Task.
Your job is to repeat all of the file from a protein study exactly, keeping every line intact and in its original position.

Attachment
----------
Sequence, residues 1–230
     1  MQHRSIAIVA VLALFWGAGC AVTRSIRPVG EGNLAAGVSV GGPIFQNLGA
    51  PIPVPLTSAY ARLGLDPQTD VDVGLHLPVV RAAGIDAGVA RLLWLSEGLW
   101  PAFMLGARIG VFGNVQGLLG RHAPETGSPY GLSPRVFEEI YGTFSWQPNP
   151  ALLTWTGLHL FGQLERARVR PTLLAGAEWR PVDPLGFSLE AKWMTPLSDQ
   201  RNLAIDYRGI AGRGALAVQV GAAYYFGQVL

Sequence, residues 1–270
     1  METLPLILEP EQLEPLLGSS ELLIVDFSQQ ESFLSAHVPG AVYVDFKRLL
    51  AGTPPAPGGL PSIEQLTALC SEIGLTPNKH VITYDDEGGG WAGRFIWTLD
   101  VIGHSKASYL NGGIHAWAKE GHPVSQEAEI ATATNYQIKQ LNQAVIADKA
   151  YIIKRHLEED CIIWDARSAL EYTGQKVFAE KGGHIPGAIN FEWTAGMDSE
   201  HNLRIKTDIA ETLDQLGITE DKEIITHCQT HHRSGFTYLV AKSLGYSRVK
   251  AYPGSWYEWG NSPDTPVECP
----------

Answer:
Sequence, residues 1–230
     1  MQHRSIAIVA VLALFWGAGC AVTRSIRPVG EGNLAAGVSV GGPIFQNLGA
    51  PIPVPLTSAY ARLGLDPQTD VDVGLHLPVV RAAGIDAGVA RLLWLSEGLW
   101  PAFMLGARIG VFGNVQGLLG RHAPETGSPY GLSPRVFEEI YGTFSWQPNP
   151  ALLTWTGLHL FGQLERARVR PTLLAGAEWR PVDPLGFSLE AKWMTPLSDQ
   201  RNLAIDYRGI AGRGALAVQV GAAYYFGQVL

Sequence, residues 1–270
     1  METLPLILEP EQLEPLLGSS ELLIVDFSQQ ESFLSAHVPG AVYVDFKRLL
    51  AGTPPAPGGL PSIEQLTALC SEIGLTPNKH VITYDDEGGG WAGRFIWTLD
   101  VIGHSKASYL NGGIHAWAKE GHPVSQEAEI ATATNYQIKQ LNQAVIADKA
   151  YIIKRHLEED CIIWDARSAL EYTGQKVFAE KGGHIPGAIN FEWTAGMDSE
   201  HNLRIKTDIA ETLDQLGITE DKEIITHCQT HHRSGFTYLV AKSLGYSRVK
   251  AYPGSWYEWG NSPDTPVECP